Few of the Cuban brands now being made in other countries possess their namesakes’ strength, but Bolivar, which was first rolled in 1901 in Havana, is one of the exceptions. General Cigar recently resurrected the “Boli,” enlisting four of the company’s most experienced cigar masters—Daniel Nuñez, Benji Menendez, Ernesto Perez-Carrillo, and Estelo Padrón—to perfect this robust blend.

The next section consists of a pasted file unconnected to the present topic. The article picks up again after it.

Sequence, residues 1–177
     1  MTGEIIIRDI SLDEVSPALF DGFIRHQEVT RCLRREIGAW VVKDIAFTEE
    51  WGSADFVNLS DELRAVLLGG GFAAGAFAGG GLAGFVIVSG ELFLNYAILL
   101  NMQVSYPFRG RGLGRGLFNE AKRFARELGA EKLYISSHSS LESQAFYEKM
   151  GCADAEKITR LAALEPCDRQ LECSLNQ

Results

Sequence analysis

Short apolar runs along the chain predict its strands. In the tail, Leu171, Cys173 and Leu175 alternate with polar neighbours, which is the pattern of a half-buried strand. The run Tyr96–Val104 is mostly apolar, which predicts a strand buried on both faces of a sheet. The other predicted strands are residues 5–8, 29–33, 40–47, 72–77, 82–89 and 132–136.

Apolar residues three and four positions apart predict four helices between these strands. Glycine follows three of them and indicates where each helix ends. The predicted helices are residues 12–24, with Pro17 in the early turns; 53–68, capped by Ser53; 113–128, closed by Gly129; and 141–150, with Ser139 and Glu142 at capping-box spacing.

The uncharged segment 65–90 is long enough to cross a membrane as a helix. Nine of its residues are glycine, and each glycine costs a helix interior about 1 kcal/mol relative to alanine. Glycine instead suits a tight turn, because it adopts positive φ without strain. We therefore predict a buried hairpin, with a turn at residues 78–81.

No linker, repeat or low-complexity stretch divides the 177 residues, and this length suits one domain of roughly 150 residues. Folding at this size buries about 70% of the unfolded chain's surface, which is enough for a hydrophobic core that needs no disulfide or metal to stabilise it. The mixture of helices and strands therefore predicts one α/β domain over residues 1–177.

Reminiscent of espresso, the musty aroma of the dark wrapper hints at this cigar’s power. The wrapper is ligero leaf grown in Honduras’ San Agustin Valley, a remote region with a mineral-rich soil similar to that of Cuba’s Vuelta Abajo. The Connecticut-grown Havano Medio Tiempo binder is the same that is used for Partagas Black Label. The filler is a meaty blend of Dominican and Nicaraguan leaf, with added spice from tobaccos grown on the volcanic Nicaraguan island of Ometepe. This is a powerful smoke, but one with finesse. It is, as one panelist opined, a velvet hammer.